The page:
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A diagram in which the essential units of any system are drawn in the form of rectangles or blocks and their relation to each other is indicated by appropriate connecting lines.

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A warm, well defined, swift, relatively narrow ocean current which originates where the Florida Current and the Antilles Current meet north of Grand Bahama Island. It gains its impetus from the large volume of water that flows through the Straits of Florida. Near the edge of the Grand Banks of Newfoundland extensions of the Gulf Stream and the Labrador Current continue as the NORTH ATLANTIC CURRENT, which fans outward and widens in a northeastward to eastward flow across the ocean. The Florida Current, the Gulf Stream, and the North Atlantic Current together form the GULF STREAM SYSTEM. Sometimes the entire system is referred to as the Gulf Stream The Gulf Stream forms the western and northwestern part of the general clockwise oceanic circulation of the North Atlantic Ocean.


[SYS ENG] The study, capture, and modification of the internal mechanisms or functionality of existing system management processes and practices in an organization in order to reconstitute them in a new form and with new features, often to take advantage of newly emerged organizational competitiveness requirements, but without changing the inherent purpose of the organization itself. Also known as systems management reengineering.


A process in which a system is caused to move through a bubble point and as a result to form two phases, the minor phase being removed from further contact with the major phase; thus the system continuously changes in quantity and composition.


A system of wires or other conductors that is elevated above and insulated from the ground to form a lower system of conductors for an antenna. Also known as antenna counterpoise.


The general term for cyclones originating in the tropics or subtropics. These cyclones are classified by form and intensity as follows: A tropical disturbance is a discrete system of apparently organized convection generally 100 to 300 miles in diameter, having a nonfrontal migratory character, having maintained its identity for 24 hours or more. It may or may not be associated with a detectable perturbation of the wind field. It has no strong winds and no closed isobars, i.e., isobars that completely enclose the low. In successive stages of intensification, the tropical cyclone are classified as tropical disturbance, tropical depression, tropical storm, and hurricane or typhoon. The tropical depression has one or more closed isobars and some rotary circulation at the surface. The highest sustained (l-minute mean) surface wind speed is 33 knots. The tropical storm has closed isobars and a distinct rotary circulation. The highest sustained (1-minute mean) surface wind speed is 34 to 63 knots. The hurricane or typhoon has closed isobars, a strong and very pronounced rotary circulation, and a sustained (1- minute mean) surface wind speed of 64 knots or higher. Tropical cyclones occur almost entirely in six rather distinct areas, four in the Northern Hemisphere and two in the Southern Hemisphere. The name by which the tropical cyclone is commonly known varies somewhat with locality as follows: North Atlantic: A tropical cyclone with winds of 64 knots or greater is called a HURRICANE. Eastern North Pacific: The name HURRICANE is used as in the North Atlantic. Western North Pacific: A fully developed storm with winds of 64 knots or greater is called a TYPHOON or, locally in the Philippines, a BAGUIO. North Indian Ocean: A tropical cyclone with winds of 34 knots or greater is called a CYCLONIC STORM. South Indian Ocean: A tropical storm with winds of 34 knots or greater is called a CYCLONE. Southwest Pacific and Australian Area: The name CYCLONE is used as in the South Indian Ocean. A severe tropical cyclone originating in the Timor Sea and moving southwestward and then southeastward across the interior of northwestern Australia is called a WILLY-WILLY. Tropical cyclones have not been observed in the South Atlantic Ocean or in the South Pacific Ocean east of longitude 140°W.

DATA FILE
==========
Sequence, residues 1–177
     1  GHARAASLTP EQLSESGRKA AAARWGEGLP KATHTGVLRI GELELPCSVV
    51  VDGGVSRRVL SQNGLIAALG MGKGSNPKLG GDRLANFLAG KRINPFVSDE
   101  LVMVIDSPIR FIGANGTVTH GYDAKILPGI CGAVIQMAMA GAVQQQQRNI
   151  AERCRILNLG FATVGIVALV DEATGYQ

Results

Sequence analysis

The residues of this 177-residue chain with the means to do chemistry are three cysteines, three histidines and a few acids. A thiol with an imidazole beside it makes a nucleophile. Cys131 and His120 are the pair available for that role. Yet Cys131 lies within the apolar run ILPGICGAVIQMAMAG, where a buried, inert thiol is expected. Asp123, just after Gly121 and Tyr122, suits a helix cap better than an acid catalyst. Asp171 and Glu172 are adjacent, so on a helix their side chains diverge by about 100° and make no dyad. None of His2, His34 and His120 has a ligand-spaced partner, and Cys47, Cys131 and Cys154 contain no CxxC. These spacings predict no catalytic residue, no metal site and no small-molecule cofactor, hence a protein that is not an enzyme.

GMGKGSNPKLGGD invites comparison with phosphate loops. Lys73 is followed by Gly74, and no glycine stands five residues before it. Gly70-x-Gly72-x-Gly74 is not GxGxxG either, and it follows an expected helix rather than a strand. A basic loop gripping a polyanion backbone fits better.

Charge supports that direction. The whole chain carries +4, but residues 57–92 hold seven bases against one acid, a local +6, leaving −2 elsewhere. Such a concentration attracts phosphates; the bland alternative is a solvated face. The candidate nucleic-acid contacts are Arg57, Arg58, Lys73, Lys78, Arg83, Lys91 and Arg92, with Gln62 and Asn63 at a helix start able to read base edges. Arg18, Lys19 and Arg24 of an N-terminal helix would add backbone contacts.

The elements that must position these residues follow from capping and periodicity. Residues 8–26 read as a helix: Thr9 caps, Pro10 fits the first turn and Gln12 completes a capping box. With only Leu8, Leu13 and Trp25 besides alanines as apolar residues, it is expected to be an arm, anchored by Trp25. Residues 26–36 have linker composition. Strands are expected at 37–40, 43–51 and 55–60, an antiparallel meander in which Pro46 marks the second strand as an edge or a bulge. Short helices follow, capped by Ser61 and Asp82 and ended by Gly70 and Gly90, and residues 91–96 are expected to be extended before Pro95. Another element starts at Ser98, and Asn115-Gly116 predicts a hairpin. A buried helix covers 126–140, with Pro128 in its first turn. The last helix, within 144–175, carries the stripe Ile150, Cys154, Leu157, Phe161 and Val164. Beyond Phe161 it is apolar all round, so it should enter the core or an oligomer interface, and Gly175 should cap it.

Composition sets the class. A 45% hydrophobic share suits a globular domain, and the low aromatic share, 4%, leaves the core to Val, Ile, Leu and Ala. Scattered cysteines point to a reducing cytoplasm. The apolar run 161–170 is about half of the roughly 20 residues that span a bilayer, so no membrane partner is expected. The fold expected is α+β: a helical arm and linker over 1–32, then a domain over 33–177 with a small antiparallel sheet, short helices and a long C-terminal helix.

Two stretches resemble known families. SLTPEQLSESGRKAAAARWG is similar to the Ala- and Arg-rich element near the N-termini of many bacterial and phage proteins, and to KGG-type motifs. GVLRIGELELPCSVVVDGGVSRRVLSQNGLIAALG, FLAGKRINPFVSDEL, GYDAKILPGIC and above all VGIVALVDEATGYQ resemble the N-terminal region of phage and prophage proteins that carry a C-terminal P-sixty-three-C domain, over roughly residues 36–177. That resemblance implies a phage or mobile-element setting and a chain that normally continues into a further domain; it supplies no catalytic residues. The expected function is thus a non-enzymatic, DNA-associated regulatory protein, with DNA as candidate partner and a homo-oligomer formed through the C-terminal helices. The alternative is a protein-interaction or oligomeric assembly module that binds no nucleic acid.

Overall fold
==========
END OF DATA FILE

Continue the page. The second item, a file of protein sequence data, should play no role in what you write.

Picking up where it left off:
A worldwide position reference system that may be applied to any map or chart graduated in latitude and longitude (with Greenwich as prime meridian) regardless of projection. It is a method of expressing latitude and longitude in a form suitable for rapid reporting and plotting. Commonly referred to by use of the acronym GEOREF.


A system whose block diagram has at least two closed paths, along each of which all arrows point in the same direction.


The law that heat is a form of energy, and the total amount of energy of all kinds in an isolated system is constant; it is an application of the principle of conservation of energy.


A transformation which occurs among the coordinates and momenta describing the state of a classical dynamical system and which leaves the form of Hamilton's equations of motion unchanged. Also known as contact transformation.


A system of draining water that enters a compartment through scuppers or venturi's.

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